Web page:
Melbourne Stars 183 for 5 (Clarke 101*, Meredith 2-38) beat Hobart Hurricanes 145 for 9 (Wade 35, Wood 3-25, Zampa 3-27, Coulter-Nile 2-24) by 38 runs

After being sent in, Englishman Clarke hit 101 not out from 66 balls to dominate Stars’ innings in batting-friendly conditions. Hurricanes were never in the chase in a poor season-opening loss, while Stars regrouped following their dramatic last ball defeat on Tuesday.

Clarke bounces back in style
After the anguish of letting through byes on the final delivery against Thunder, wicketkeeper-batter Clarke bounced back and batted through the innings this time. Dropped on one by a diving Shadab Khan at short third, Clarke was unstoppable during the powerplay to get Stars off to a flyer.

Clarke needed to fire, because Stars’ batting was shorthanded without Joe Burns, who joined Glenn Maxwell on the sidelines after injuring his hamstring against Thunder. Marcus Stoinis, who is recovering from Covid-19 and for the second straight match was not well enough to field, fell for a second-ball duck after his first-ball dismissal against Thunder.

But it didn’t matter as Clarke scored all around the wicket to continue his strong form from last season, where he was Stars’ most consistent batter before Covid-19 swept through the team to derail their campaign.

Clarke reached his first BBL century in the final over and smashed four sixes overall, but the biggest went to Beau Webster, who hit Riley Meredith into the third tier of the mammoth MCG.

Dooley impresses as Hurricanes rely on spin
There was a lot of anticipation over the new era for Hurricanes, who are seeking an elusive title. Under new coach Jeff Vaughan and head of strategy Ricky Ponting, Hurricanes attempted to shake things up in their season-opener.

After electing to bowl, Hurricanes decided to back spinners Shadab and left-armer Patrick Dooley, who had only played one BBL game before.

Hurricanes’ strength has traditionally been their pace attack, but Shadab and Dooley were used in the powerplay, where Stars raced to none for 46 after four overs.

Meredith and Nathan Ellis didn’t bowl in the powerplay. Ellis was held back until the tenth over in a bid to bowl in the backend, where his canny slower deliveries are especially proficient at the death. But it didn’t do the trick with Meredith and Ellis conceding a combined 81 runs from eight overs.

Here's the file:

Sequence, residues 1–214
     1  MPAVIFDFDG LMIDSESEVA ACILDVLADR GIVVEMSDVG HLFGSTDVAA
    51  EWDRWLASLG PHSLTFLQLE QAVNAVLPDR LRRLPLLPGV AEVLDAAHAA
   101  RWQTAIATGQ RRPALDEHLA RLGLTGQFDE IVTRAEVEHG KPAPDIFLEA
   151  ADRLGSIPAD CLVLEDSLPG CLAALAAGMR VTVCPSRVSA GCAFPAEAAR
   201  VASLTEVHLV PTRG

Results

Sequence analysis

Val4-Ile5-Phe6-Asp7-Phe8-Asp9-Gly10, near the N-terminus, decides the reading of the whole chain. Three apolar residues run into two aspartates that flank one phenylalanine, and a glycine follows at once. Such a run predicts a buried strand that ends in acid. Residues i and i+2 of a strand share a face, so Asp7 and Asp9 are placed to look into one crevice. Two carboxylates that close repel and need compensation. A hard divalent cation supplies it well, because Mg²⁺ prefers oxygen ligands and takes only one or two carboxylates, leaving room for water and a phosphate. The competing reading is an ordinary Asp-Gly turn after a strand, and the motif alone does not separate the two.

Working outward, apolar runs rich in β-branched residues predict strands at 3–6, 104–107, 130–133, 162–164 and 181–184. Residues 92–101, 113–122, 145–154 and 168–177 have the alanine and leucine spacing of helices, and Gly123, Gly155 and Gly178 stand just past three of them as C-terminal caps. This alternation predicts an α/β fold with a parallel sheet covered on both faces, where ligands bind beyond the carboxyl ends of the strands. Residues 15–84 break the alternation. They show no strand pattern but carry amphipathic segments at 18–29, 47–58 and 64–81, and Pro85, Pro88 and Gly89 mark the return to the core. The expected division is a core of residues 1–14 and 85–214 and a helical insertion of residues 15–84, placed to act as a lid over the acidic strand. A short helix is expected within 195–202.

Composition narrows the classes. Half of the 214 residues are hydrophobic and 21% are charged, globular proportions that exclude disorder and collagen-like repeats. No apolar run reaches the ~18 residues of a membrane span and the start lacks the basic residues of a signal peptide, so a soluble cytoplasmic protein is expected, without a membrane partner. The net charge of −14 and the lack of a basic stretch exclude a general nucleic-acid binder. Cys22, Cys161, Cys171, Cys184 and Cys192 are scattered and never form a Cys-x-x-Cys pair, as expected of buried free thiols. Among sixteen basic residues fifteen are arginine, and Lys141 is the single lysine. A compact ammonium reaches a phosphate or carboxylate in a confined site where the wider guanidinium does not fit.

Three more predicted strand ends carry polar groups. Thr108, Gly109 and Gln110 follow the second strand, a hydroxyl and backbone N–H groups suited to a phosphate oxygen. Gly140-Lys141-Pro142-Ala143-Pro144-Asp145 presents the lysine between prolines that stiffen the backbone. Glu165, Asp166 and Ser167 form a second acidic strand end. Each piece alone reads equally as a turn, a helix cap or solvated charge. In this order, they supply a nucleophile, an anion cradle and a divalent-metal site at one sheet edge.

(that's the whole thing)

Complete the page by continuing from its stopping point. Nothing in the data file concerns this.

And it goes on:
In an encouraging note, Dooley – who has an action described as the bowling equivalent of a windmill – impressed amid an onslaught to finish with 1 for 27 from four overs, the wicket coming when he bowled Stoinis with a beautifully tossed-up delivery.

Stars’ bowling attack continues to impress
Stars’ bowling had been identified as their weak point in previous seasons, but their attack has started impressively against the high-voltage Thunder and Hurricanes.

After an immediate impact against Thunder, prized recruit Trent Boult struggled, but it didn’t matter with Stars’ other bowlers stymying Hurricanes with disciplined bowling. English recruit Luke Wood picked up the key wicket of Ben McDermott, and his probing bowling in the powerplay ensured Stars maintained a stranglehold.

Webster’s handy all-round performance continued with his nagging seamers conceding just 21 runs from four overs.

It’s a strong start to the captaincy of Adam Zampa, who also claimed three wickets.

David moves up but can’t get going
It was a daunting chase but Hurricanes’ explosive batting order looked capable of giving it a crack. Unfortunately, they couldn’t fire at any stage and fell behind the required rate early.

As had been flagged from their new brains trust, big-hitter Tim David came in earlier than in past seasons as he entered in the tenth over batting at No. 5. There had been some criticism last season over David coming to the crease too late, although his proficiency as a finisher saw him earn a spot in Australia’s T20 World Cup squad. He hit a first-ball boundary but couldn’t find his rhythm as Hurricanes finally took the power surge in the 17th over in vain.

Tribute to Warne
On the 23rd ball of the match, representing his famous jersey number, the smattering of fans at the MCG gave a standing ovation to Shane Warne, who passed away earlier in the year.

As Stars’ inaugural captain, Warne’s marketing efforts and sheer magnetism helped mould the franchise into a drawcard, although they have generally underperformed through the years.

Warne’s considerable heft was important for the BBL’s credibility in the early years as Stars retired his No. 23 jersey amid a tribute match for him.


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